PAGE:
Director Patty Jenkins does a stellar job with the look of the film. All of the DC films have a grainy, gritty and dark visuals, and Wonder Woman is no exception, but that effect works exceedingly well in bringing this period piece to life and making it feel real. Jenkins does a remarkable job of setting the right tone and maintaining a solid balance between love story, action, comedy and drama. Jenkins walks a tightrope, and never falls into the trap of turning the film into a self-conscious farce, one of the weak spots of the Marvel films.

Wonder Woman does suffer from some script problems though, but that is not Jenkin's fault. The film gets a little lost trying to make itself bigger than it needs to be, but that is a problem with which nearly every superhero film struggles. I believe the wiser choice for these types of films is to do less, and be more simple, but what the hell do I know?

As for the acting, Gal Gadot does superb work as Wonder Woman. Gadot, a statuesque beauty, imbues Wonder Woman with a strength, sincerity, earnestness and ferocity that makes for a compelling character indeed. Her battle scenes are believable because of Gadot's natural grace, athleticism and magnetic intensity. 

I will be interested to see if Gadot can crossover from non-superhero action films and make a mark in pure drama. She has all of the tangible qualities, beauty, intelligence, charisma, that make for a movie star, but she also possesses the intangible qualities that make for a great actor, emotional intelligence, compassion and complexity. I hope she gets to spread her dramatic wings in the future, she has the makings of an intriguing artist.

Chris Pine continues his recent run of top notch work, following up last years stellar Hell or High Water with his turn as the love interest Steve Trevor opposite Gadot's Wonder Woman. Pine is outstanding as the rogue and daring spy trying to stop the Kaiser's war machine. His light comedic touch and dramatic sincerity elevate Wonder Woman to heights it would not see without him. 

The rest of the cast have minimal roles but do consistent work. David Thewlis, Danny Huston, Ewen Bremmer and Said Taghmaoui solidly buttress Gadot and Pine's more demanding work. And Lucy Davis does exceedingly well as Etta Candy, Steve Trevor's secretary. Davis brings a subtle, yet masterful bit of craftsmanship to her role which would have been a throwaway in lesser hands.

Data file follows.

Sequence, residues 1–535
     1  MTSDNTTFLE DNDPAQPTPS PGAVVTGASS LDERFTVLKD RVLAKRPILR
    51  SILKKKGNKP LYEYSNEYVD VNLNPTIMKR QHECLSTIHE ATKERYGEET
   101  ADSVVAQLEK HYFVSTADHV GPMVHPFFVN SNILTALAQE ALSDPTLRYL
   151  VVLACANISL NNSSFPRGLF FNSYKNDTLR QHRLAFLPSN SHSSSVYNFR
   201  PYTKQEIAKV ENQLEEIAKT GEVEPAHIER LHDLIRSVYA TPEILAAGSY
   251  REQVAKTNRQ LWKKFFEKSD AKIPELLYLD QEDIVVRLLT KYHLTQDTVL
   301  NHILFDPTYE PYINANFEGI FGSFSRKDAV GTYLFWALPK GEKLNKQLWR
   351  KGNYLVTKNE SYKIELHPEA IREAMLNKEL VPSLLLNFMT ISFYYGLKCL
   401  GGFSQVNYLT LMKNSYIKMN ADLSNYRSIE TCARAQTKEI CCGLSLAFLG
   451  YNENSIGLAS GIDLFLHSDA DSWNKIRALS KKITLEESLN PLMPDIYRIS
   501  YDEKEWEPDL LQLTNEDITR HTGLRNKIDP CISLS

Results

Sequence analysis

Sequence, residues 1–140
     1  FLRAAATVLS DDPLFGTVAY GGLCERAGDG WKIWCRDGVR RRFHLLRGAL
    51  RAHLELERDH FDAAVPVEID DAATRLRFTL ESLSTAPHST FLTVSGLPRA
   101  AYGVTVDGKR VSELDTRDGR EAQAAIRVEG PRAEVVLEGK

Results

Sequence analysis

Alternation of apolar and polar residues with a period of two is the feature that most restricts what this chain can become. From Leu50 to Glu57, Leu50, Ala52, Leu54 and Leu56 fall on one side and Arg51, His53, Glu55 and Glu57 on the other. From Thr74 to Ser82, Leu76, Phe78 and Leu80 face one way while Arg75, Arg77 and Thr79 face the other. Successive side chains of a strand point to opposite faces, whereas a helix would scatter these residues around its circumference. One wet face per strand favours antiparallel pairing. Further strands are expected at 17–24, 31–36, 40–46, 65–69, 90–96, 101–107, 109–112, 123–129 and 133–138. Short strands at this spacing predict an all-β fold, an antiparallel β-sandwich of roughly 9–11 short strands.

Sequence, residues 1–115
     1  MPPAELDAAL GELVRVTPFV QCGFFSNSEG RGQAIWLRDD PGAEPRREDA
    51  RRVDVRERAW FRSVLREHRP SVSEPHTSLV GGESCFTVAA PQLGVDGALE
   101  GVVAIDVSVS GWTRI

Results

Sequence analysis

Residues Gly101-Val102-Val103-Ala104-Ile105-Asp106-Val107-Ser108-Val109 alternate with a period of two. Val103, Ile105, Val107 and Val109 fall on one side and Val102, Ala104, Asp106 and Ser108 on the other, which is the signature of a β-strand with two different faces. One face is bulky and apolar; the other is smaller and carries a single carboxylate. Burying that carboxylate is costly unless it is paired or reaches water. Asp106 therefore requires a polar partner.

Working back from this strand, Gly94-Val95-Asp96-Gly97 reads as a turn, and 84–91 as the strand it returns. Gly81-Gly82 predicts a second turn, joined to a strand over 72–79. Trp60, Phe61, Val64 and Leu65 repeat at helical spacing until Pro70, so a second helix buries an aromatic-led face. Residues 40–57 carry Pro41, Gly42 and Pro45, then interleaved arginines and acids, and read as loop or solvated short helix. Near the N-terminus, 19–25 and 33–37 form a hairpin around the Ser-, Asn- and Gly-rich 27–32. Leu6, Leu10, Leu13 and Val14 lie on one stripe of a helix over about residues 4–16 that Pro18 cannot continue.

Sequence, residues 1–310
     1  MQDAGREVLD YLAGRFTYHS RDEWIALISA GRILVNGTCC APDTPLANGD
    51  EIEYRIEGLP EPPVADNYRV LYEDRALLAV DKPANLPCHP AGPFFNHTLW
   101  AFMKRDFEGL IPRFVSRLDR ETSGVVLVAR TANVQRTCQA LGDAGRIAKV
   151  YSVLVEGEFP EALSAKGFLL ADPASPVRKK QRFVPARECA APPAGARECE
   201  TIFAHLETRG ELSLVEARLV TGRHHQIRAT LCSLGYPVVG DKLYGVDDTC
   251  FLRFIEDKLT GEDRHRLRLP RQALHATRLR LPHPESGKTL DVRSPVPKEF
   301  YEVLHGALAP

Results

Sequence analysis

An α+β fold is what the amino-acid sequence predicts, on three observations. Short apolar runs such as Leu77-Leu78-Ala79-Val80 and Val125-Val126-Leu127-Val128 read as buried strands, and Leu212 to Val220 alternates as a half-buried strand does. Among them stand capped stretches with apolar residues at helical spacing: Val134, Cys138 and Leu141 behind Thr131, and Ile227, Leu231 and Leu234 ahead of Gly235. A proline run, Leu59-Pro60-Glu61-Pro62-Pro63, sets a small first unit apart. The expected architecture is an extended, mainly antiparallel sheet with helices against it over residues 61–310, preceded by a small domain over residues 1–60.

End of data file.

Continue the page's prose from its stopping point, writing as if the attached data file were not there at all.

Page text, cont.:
Wonder Woman is a top notch superhero movie that feels particularly relevant in a world filled with strongmen, from Trump to Erdogan, to Duterte and Putin. Wonder Woman gives voice and vision to the anima in our collective unconscious that yearns to be actualized in the real world. The reason Wonder Woman is resonating so deeply with audiences in general, and women in particular, is that the archetypal feminine energy, the anima, has lost its value and power in our modern world by trying to imitate and mimic the masculine, the animus. Wonder Woman is a force not because she is mimicking masculinity, but because she is uber-feminine. Contrary to what many women will claim, it is not men that need to learn that lesson, but women, and Wonder Woman is a great place for them to reconnect to the primal power inherit in the anima and to engage in therapeutic psychological catharsis.

In conclusion, Wonder Woman is a well made, entertaining and ultimately satisfying film that both men and women can throughly enjoy. It isn't Citizen Kane, but it is a top-notch superhero movie that gives insight into the character Wonder Woman, and propels the DC Universe forward in a positive direction. I wholly encourage you to spend your hard earned dollars and go see Wonder Woman in the theatre. You never know, the anima you save, could be your own.

©2017